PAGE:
Boston: New Study Led by researchers at Beth Israel Deaconess Medical Center (BIDMC), it sheds light on genetic risk factors that can make individuals more susceptible to Covid-19.
Thousands of people test positive for the virus every day, and it is still in the shadow of doubt as people experience mild to no symptoms and others become seriously ill. According to the new Study Published in the New England Journal of Medicine (NEJM), Robert E. Schneider, head of the cardiovascular inefficiency division at BIDMC. Research led by Gerzten radiates an important process of covid-19, which opens new possibilities for the treatment of this disease.
Gersten, a professor of medicine at Harvard Medical School, shares that different patients affected by COVID-19 exhibit different symptoms and different degrees of severity, “Pre-existing conditions, especially heart and metabolic diseases, are risk factors for disease severity and outcomes, some of which are underlying causes of life-threatening disease The rest is not properly understood. ”
The findings published in NEJM explain the linkage of COVID-19 results to differences in the two regions of the human genome based on genetic evidence from patients in China, Europe and the United States. However, in order to differentiate from disease, scientists need to understand the role of proteins in the genome carrying the disease.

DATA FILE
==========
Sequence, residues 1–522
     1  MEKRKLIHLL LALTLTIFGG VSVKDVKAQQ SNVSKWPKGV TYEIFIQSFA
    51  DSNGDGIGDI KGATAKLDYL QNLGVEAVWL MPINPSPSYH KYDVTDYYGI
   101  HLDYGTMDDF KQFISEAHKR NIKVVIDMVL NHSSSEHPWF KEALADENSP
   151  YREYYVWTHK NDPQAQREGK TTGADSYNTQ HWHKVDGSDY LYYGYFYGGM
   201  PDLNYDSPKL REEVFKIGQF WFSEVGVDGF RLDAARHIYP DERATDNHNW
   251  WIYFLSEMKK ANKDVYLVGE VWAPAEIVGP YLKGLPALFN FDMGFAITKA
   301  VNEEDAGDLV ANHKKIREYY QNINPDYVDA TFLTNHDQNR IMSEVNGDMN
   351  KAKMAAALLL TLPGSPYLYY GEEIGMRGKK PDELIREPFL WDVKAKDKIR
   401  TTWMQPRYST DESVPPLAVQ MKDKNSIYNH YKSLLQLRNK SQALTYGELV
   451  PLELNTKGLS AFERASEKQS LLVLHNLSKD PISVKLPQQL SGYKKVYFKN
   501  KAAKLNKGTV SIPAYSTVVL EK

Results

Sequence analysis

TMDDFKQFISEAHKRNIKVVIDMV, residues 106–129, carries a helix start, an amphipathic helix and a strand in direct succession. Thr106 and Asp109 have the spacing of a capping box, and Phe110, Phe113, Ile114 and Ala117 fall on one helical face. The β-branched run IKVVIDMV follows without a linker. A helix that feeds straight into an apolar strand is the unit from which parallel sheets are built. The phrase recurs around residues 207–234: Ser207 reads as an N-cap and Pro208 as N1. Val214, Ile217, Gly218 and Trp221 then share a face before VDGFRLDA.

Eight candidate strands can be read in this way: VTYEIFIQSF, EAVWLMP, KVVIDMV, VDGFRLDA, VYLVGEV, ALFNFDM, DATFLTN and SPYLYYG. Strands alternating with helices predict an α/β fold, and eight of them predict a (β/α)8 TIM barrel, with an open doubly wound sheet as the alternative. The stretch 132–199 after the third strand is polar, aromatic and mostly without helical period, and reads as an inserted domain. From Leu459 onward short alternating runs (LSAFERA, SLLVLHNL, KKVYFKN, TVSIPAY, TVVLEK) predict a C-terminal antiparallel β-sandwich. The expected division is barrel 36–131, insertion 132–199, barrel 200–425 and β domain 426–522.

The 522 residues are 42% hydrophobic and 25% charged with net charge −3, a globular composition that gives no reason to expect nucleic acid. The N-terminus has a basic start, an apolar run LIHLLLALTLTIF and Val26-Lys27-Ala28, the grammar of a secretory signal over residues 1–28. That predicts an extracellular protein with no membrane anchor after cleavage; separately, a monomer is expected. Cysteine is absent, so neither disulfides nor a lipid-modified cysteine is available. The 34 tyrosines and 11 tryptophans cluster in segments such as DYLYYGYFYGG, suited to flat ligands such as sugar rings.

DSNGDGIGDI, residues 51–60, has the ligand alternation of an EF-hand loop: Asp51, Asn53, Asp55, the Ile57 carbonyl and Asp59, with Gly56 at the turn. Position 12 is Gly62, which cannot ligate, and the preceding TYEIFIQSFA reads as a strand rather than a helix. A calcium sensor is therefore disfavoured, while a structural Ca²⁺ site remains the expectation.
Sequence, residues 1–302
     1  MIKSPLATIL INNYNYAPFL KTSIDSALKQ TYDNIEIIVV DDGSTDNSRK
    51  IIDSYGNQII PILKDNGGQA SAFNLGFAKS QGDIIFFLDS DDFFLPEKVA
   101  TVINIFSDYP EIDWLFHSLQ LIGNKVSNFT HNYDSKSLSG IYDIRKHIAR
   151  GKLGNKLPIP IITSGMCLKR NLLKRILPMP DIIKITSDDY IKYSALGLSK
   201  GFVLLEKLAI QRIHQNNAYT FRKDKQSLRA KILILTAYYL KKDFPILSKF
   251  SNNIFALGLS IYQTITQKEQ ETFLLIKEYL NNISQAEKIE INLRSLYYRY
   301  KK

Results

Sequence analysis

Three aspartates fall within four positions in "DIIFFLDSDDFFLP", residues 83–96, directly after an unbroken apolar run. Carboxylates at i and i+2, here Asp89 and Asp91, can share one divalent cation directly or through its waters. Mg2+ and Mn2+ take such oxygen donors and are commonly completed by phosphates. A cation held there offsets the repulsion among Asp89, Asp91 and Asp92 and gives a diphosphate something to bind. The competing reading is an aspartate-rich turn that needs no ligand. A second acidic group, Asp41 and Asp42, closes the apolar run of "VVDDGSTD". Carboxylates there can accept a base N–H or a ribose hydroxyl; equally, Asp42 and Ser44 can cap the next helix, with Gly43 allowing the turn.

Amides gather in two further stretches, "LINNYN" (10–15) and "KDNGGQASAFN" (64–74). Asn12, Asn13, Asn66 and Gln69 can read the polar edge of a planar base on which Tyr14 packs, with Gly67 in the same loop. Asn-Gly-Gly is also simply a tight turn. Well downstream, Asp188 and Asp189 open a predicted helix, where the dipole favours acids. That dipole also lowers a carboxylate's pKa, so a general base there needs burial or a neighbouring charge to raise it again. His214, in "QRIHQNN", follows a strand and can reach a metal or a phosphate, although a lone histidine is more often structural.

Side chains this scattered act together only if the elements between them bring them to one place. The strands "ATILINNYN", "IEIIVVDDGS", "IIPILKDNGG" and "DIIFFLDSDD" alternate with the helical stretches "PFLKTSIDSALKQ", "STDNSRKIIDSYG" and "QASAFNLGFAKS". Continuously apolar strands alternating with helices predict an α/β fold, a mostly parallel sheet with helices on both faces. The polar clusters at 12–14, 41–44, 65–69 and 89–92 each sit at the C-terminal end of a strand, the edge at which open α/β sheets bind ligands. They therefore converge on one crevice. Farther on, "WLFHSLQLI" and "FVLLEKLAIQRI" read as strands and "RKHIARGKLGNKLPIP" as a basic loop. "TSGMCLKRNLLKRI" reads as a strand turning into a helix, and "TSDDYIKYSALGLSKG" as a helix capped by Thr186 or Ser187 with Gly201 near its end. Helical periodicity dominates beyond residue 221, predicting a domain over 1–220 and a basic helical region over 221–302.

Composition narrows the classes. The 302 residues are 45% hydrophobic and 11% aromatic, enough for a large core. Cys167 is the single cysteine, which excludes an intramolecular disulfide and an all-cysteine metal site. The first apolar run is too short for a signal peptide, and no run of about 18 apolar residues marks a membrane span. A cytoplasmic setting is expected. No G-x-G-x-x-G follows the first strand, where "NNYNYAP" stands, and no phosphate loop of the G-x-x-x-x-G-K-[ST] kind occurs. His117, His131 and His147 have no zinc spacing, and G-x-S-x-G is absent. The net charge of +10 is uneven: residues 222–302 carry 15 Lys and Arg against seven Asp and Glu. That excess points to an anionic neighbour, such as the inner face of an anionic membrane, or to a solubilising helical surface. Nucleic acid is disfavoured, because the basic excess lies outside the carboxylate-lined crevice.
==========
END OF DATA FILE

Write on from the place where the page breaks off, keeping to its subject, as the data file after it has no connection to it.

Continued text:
A database created by Gersten and colleagues of all proteins and metabolites for different regions of the human genome found that a genomic “hot spot” was associated with COVID-19 disease severity. This is a step forward for researchers to realize that the same region is related to protein, which has recently been implicated in the SARS-CoV-2 virus process that infects human cells.
“We have determined that the most expressed protein in the region is a co-receptor for the virus that causes COVID-19. Currently available antibody cocktails target the virus’s spike proteins. In turn, the work identifies which proteins our SARS-CoV-2 and other viruses bind to in the human body.” Said Gersten.
According to the report, the second area is related to a poorly understood protein, which plays a role in attracting immune cells called lymphocytes to sites of infection. The Study It also suggests that these genetic mutations and proteins may vary across races. Overall, these findings are important contributions to science for understanding the mysteries of COVID-19.


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